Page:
Is it anti-social behaviour if you have an untidy garden?

Share this article

New measures to tackle anti-social behaviour in South Ribble could see residents forced to tidy their gardens.

The borough council is beefing up the way it uses community protection notices (CPNs), government-granted powers which local authorities and the police have to tackle anything which has a “detrimental effect on the quality of life” of residents.

Council officers will make more use of existing powers

Council officers will make more use of existing powers

READ MORE >>> This is how many trees are going to be planted in South Ribble

Lib Dem group leader David Howarth said it was only the more extreme garden messes – “the abandoned fridge, a couple of car engines and builders rubble” – which were likely to attract a CPN.

But he suggested that they could also be used as “a last resort option” when troublesome plants have been allowed to take hold.

“We do have problems in the borough with things like horsetails and ragwort – some front gardens are just nothing but that, because owners or occupiers won’t do anything [about it],” said Cllr Howarth, confidence and supply partner to the ruling Labour group.

The meeting heard that the government had issued guidance on using CPNs to control the rapid-spreading Japanese knotweed – but that a council would have to prove that it was “causing harm and distress”.

Conservative councillor Phil Smith warned that deciding what constituted an untidy garden was “very subjective”.

“Who decides whether it is anti-social behaviour or not?” he asked.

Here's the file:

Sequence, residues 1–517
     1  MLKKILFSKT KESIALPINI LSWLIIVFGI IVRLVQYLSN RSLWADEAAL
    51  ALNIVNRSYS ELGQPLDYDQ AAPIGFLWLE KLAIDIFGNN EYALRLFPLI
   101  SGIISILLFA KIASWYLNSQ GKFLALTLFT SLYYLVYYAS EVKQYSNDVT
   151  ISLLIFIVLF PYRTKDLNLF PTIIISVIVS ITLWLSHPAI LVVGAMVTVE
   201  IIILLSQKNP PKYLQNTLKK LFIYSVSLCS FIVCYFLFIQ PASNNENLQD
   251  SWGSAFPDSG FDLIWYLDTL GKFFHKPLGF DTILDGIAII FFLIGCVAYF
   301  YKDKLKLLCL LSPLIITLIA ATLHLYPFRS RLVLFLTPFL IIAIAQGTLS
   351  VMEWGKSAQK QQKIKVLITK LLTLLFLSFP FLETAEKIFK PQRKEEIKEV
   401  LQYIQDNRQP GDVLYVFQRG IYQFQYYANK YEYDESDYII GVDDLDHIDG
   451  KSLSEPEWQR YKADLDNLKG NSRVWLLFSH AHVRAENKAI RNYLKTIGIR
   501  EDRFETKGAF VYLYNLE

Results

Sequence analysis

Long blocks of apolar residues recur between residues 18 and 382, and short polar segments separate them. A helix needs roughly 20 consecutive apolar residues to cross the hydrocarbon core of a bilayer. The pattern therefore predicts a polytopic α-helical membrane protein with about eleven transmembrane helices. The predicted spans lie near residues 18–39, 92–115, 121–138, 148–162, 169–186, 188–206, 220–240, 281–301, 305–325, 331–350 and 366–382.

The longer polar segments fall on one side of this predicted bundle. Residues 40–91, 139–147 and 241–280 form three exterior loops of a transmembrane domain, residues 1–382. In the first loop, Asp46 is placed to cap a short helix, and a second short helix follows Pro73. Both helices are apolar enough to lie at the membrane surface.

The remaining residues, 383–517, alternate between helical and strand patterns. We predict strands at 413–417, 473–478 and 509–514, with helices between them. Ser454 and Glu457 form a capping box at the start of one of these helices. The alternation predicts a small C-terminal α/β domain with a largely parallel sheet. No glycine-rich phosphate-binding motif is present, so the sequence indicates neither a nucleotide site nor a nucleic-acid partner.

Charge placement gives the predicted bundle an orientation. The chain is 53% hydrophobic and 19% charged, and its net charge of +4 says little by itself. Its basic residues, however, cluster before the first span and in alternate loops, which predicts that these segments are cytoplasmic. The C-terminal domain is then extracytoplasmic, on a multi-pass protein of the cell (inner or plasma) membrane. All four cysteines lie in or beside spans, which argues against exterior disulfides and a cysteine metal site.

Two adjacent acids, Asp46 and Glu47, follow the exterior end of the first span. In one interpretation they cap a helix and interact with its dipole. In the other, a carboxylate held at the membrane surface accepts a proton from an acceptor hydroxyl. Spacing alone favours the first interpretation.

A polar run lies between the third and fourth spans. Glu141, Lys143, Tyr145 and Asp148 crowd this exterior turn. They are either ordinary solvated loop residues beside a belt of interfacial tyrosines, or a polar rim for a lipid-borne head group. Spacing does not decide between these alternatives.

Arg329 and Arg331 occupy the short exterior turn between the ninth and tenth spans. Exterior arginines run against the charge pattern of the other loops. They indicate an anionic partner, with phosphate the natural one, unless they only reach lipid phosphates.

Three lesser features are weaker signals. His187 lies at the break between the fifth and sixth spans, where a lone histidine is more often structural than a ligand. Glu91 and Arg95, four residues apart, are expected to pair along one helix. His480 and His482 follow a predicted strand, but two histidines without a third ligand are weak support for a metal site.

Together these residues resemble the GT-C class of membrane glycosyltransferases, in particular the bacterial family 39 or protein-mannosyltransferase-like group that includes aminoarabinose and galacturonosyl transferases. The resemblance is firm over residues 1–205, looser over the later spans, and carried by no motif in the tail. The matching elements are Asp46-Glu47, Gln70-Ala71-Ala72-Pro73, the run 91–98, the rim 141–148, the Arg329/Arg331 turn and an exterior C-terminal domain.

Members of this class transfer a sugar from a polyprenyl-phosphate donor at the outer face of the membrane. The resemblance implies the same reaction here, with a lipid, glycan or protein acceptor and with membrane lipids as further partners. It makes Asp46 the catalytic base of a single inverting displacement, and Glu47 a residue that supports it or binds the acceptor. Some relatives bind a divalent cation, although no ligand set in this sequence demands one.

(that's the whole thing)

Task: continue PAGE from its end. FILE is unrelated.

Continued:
Council leader Paul Foster agreed that the authority would have to be “careful” about how it used the powers in relation to gardens.

But he said the broader use of CPNs to tackle anti-social behaviour would be of benefit to residents whose lives were blighted by it.

“We will not accept anti-social behaviour and will do everything in our power to protect our communities,” Cllr Foster said

Cabinet members agreed to increase the council’s capacity to issue CPNs and for the authority’s officers to work with neighbourhood policing teams in drawing them up where appropriate.

Behaviour attracting the notices must not only have a detrimental impact on quality of life, but also be unreasonable and persistent. They must be preceded by the issuing a community protection warning (CPW).

If a CPN is handed out, it is an offence to breach it and could result in a fine or prosecution. The powers have been in place nationwide since 2014 and can be used to combat nuisance behaviour which falls outside other legislation.

Maragaret Smith, leader of the Conservative opposition group, said she welcomed the move to increase their use in South Ribble.

“If it’s applied in the correct manner, it will be a useful tool,” Cllr Smith said.